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Article

Buyer Beware of 'Extra-Tender' Pork

Fine Cooking Issue 53

As producers continue to raise leaner pork and cooks continue to overcook it, the problem of dry, tasteless pork has become notorious. In response, pork producers have borrowed technology from the poultry industry used to “enhance” turkeys, and now an estimated 50% or more of fresh pork in retail markets has been treated to make it juicier. Much of it is labeled “extra tender” or “guaranteed tender.”

The basic premise is this: The fresh meat is treated with sodium phosphate and water, which works to uncoil (denature) muscle protein fibers just enough so that they can hold more water. The resulting meat remains juicier when cooked—even when overcooked—and since most tasters perceive juiciness as tenderness, the pork gets positive reviews.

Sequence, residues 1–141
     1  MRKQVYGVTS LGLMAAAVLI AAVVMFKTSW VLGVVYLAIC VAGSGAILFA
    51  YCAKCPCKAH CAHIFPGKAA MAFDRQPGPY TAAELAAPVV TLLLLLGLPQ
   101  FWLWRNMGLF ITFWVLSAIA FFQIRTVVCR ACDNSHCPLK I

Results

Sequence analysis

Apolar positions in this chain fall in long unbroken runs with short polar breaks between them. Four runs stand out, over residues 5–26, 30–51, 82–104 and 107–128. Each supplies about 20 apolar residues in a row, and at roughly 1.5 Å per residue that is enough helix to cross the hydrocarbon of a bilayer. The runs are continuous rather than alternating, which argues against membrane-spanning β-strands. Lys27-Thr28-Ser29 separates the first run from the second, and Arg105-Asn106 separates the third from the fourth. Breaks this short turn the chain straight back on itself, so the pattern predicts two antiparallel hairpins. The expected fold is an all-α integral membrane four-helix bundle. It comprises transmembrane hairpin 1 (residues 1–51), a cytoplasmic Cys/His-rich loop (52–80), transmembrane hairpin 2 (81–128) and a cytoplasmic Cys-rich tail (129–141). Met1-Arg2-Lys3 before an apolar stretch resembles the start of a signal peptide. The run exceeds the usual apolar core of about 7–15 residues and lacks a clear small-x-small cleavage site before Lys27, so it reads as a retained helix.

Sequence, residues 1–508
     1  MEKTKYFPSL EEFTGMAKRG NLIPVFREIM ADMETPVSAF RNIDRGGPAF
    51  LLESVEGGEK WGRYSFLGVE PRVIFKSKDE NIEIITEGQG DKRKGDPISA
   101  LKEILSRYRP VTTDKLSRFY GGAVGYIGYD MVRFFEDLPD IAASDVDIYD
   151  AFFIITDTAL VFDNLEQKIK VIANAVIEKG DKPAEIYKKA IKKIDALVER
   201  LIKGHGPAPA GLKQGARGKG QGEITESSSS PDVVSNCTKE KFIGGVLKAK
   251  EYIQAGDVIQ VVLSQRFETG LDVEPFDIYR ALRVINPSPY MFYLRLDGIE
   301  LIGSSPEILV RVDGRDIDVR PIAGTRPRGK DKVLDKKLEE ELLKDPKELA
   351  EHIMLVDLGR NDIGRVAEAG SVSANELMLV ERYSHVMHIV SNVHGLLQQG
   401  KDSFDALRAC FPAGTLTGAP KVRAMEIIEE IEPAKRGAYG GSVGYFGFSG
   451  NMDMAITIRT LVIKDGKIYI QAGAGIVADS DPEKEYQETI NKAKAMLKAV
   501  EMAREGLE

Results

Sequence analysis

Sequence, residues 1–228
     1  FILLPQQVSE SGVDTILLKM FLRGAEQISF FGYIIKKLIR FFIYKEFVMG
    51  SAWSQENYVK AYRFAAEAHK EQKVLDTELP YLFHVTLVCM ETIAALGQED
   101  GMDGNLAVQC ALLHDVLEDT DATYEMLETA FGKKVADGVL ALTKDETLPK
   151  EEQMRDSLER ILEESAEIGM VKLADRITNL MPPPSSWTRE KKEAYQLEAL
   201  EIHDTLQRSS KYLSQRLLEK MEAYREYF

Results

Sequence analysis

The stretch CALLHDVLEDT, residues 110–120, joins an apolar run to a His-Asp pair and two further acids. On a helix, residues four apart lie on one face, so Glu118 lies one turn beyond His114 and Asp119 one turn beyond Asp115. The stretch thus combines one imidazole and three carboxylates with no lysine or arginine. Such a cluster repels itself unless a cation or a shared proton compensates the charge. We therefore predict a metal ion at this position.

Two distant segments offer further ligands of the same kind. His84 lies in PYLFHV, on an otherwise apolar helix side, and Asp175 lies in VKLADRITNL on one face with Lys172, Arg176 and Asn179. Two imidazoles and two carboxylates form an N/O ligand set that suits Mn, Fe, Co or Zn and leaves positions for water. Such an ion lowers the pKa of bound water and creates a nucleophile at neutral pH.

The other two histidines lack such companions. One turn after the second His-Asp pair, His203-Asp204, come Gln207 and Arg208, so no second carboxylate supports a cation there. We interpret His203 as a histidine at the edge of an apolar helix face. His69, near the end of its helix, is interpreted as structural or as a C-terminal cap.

The best of this new generation of pork is treated with a 10% or weaker solution and has only a slightly “bouncy” texture but a distinct saline flavor. The worst are the more concentrated solutions and those that contain flavorings and marinades, making the meat mushy and unpleasant tasting. Fortunately, the U.S. Department of Agriculture requires that treated pork carry an ingredient label, so search for the very fine print.

In our tests, we found that we prefer natural, unadulterated pork for its cleaner, more authentic pork flavor. If we set flavor aside, we found that a treated pork chop will indeed remain juicier than an untreated one when overcooked.

To us, the best way to get great flavor and texture is to-buy untreated pork and brine it yourself (see Why brining keeps meat so moist). That way, you can enhance juiciness and flavor without risking mushiness or off flavors. You’ll also get a better brown sear on home-brined pork than on treated pork.

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